Who doesn’t enjoy a good rom-com? I certainly do.
I loved the movie To All the Boys I’ve Loved Before. I liked that it starred a female that not only looked like me but also shared a similar upbringing. I liked that the typical romance movie cliches were just abundant enough to get the stamp of approval from fans of the romance genre. Yet, when I saw the movie’s sequel, To All the Boys I’ve Loved: P.S. I Still Love You, the bar of quality and enjoyment that the first film had set was sadly missed.
To All the Boys I’ve Loved Before is about a Korean American teenager, Lara Jean Covey (Lana Candor), who writes love letters to her crushes as a way of working through her emotions. However, eventually the letters get out, and to hide from her current crush, who got a letter, she starts a fake relationship with the most popular boy in school, Peter Kavinsky (Noah Centineo), who also got a letter. Peter goes along with Lara Jean because he wants to make his ex jealous and she wants to hide from her crush. Of course they fall in love and the fake relationship turns into a real one and there’s a nice and happy ending.
For years, my best friend had been telling me to read the series, and I kept putting her off, telling her I was too old to actually enjoy that sort of thing. I, a seemingly mature young woman, was reading nonfiction books about segregation and 60s culture, novels that were literary tapestries so complicated chapters had to be read twice, etc. However, after I watched To All the Boys, I went and read all the books as soon as I could get my hands on them. So, when the sequel, To All the Boys: P.S. I Still Love You, came out on Netflix on February 12, I put aside studying for the two tests I had the next day and binge watched it with a cup of tea and a soft blanket.
The movie was not worth a good cup of tea. Chalk it up to bias from actually reading, and liking, the books, but P.S. I Still Love You just barely stacked up to the first movie and definitely not the book it was modeled after. The plot of the book and movie P.S. I Still Love You follows the new relationship of Lara Jean and Peter. However, Peter seems to be meeting with his ex quite a lot. Lara Jean is self-conscious and John Ambrose McClaren, a boy Laura Jean had written a love letter to years ago, re-enters her life and seems to be holding a torch for her from way back when. In the book, Laura Jean wrestles not just with being in a relationship where it seems the two people come from different worlds, but her widowed father dating, feelings she holds for other boys, and questions around sex and intimacy. Of course these are all complex topics and no film can hardly be held to the standard of perfectly conveying them all, plus a love story, in two hours, much less the one-hour-and-thirty-six-minute run time of P.S. I Still Love You. It also does its best to include these sub-plots instead of bulldozing over author and creator Jenny Han’s intentions for this story. Yet, one can only wonder if choosing one subplot to highlight instead of two or three might have made its message more powerful instead of three small, diluted messages.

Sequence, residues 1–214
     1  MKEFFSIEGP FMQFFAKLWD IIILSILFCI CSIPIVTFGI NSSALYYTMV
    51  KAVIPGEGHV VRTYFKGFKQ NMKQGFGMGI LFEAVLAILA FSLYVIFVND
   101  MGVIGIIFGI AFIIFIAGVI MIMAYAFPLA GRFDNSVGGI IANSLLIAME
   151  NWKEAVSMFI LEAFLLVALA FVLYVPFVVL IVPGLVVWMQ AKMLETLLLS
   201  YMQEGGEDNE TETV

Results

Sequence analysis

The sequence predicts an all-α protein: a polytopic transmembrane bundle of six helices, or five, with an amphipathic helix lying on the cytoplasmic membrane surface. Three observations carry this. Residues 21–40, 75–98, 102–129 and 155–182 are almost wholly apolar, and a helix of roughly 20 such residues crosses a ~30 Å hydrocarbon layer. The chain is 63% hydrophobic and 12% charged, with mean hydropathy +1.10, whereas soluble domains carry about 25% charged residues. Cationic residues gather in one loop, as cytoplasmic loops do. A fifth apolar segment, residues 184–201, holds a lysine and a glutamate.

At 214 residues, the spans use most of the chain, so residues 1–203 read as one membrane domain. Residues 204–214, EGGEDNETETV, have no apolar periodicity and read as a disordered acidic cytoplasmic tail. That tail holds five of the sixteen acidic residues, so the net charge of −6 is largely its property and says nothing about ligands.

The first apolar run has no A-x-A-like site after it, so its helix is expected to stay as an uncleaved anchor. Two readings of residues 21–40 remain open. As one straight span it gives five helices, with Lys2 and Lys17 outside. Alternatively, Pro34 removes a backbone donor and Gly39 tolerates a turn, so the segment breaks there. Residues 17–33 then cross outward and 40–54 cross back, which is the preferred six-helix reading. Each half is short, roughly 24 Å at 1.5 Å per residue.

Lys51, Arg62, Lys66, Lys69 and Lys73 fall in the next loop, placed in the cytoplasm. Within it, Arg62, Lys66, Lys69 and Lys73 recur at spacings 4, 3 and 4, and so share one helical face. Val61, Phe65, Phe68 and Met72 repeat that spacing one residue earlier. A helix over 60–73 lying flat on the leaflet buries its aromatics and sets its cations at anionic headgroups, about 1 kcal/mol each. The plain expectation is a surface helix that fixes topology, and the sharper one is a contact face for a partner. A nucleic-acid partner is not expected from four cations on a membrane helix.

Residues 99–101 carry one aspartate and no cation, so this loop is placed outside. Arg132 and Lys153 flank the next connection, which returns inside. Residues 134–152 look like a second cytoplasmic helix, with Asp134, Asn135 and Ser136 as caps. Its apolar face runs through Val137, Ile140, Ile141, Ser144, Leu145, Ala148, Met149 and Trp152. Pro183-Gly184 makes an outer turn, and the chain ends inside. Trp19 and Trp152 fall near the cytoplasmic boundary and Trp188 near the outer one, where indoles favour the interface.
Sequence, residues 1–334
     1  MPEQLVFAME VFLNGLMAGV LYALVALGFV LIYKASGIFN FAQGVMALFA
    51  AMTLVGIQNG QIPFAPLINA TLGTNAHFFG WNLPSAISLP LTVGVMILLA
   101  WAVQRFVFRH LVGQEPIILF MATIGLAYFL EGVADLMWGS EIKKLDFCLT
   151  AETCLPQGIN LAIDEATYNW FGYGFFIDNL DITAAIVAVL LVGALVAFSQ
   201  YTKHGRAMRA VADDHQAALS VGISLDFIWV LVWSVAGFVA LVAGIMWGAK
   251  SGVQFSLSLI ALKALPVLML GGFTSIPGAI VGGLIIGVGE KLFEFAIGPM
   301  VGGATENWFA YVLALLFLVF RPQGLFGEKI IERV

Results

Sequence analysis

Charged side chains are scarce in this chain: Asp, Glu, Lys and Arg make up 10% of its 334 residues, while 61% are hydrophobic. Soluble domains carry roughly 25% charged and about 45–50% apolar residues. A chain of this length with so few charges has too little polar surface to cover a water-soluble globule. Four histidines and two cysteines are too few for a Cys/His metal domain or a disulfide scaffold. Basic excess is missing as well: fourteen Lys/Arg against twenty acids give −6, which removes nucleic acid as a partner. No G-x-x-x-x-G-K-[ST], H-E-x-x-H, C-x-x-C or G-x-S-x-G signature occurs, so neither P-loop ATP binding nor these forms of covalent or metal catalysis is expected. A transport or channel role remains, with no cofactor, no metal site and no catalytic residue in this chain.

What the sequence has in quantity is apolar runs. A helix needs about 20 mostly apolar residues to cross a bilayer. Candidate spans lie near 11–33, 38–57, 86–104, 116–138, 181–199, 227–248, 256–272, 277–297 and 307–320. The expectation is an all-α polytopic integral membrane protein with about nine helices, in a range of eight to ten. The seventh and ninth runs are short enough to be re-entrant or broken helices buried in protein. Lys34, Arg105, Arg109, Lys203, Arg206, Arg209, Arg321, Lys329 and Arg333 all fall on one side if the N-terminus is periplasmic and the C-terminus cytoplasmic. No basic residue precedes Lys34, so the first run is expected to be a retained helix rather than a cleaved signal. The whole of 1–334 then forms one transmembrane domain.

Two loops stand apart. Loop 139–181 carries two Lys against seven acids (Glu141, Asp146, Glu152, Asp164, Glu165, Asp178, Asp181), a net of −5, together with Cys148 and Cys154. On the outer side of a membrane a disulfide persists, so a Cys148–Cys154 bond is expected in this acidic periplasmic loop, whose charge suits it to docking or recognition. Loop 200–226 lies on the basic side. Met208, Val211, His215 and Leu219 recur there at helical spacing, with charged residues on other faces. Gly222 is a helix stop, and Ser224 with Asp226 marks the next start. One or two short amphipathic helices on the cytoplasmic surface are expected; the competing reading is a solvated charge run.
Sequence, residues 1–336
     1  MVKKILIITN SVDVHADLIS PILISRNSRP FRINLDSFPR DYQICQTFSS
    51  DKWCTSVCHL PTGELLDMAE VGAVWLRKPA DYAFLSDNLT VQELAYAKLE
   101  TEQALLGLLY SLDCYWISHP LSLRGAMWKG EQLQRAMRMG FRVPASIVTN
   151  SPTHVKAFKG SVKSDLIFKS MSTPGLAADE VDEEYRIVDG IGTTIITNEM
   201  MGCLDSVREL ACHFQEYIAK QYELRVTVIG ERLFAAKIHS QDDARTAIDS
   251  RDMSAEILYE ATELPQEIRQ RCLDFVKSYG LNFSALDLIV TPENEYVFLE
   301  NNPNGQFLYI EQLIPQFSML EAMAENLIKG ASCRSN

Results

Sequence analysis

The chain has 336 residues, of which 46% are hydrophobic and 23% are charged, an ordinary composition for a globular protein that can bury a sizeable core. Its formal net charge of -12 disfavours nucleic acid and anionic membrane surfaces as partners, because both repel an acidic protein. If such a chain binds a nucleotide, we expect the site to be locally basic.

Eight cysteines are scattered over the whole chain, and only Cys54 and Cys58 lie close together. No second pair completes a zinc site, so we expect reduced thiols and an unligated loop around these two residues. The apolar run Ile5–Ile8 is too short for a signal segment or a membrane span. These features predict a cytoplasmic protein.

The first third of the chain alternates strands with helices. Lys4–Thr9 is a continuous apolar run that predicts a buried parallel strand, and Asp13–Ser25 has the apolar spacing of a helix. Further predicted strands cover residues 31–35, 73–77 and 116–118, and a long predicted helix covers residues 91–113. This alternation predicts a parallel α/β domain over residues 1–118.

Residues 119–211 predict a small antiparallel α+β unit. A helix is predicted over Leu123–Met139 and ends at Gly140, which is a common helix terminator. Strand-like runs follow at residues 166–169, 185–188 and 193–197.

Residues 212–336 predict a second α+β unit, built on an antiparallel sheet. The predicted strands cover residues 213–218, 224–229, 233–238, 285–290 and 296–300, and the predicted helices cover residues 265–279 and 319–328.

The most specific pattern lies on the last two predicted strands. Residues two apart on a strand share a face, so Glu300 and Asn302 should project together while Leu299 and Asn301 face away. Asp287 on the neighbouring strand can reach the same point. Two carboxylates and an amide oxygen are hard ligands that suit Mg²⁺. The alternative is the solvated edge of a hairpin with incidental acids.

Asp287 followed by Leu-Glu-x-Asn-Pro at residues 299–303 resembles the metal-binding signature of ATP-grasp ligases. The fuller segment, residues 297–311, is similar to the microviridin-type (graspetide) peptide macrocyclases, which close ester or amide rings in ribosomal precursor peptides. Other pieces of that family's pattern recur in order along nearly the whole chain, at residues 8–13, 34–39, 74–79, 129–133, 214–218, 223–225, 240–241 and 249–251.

For example, in the books and the new movie, Lara Jean struggles with being a virgin but having a boyfriend who’s had sex multiple times and frequently did with his ex. In one scene, the topic comes up and both have a healthy conversation about consent, pressure, and comfortability. It was the beginning of what could be a powerful scene, especially when considering that the target audience is probably themselves dealing with these same questions or similar ones. Yet Netflix moved on and never mentioned it again, forgoing a powerful message they could have imparted on a widely viewed platform.
Lastly, there were just some strange and out-of-place choices made during the film. Both movies were made with Lara Jean’s internal monologue as narration. It is used well in both movies to change up the pace and gives the viewer a more intimate insight into Lara Jean’s thoughts and feelings. However, in one scene, where Lara Jean is feeling down, she starts singing with the background music while looking into the camera and gliding through a school hallway. It’s disorienting and heavy-handed that Lara Jean’s singing is just short enough to seem like an afterthought that the editor or directors thought might look good and then forgot to delete later. Or, at the end of the movie when Lara Jean kisses her boyfriend, the camera starts to rise but the couple does not leave or move within the frame. It makes it look like two people have suddenly gained the ability to float or they stepped onto a crane that was just out of frame and are now being lifted into the air by said crane. Now, I’m no diehard realist that deplores fourth wall breaks or shuns film techniques that try to convey feelings rather than reality, but these two scenes were the exception, not the rule, and were wildly out of place in a movie made for teens whose first movie never did anything like this.
I ended the movie wondering if creators had been under pressure to release the movie as soon as possible and/or didn’t have the same budget as they did on the first movie. To viewers who have read the books, this movie is a letdown. To those who only saw the first movie, I say “Stop while you’re ahead or just read the book.” And to those who’ve never seen either, I hope you don’t feel the same urge I did to finish what I started.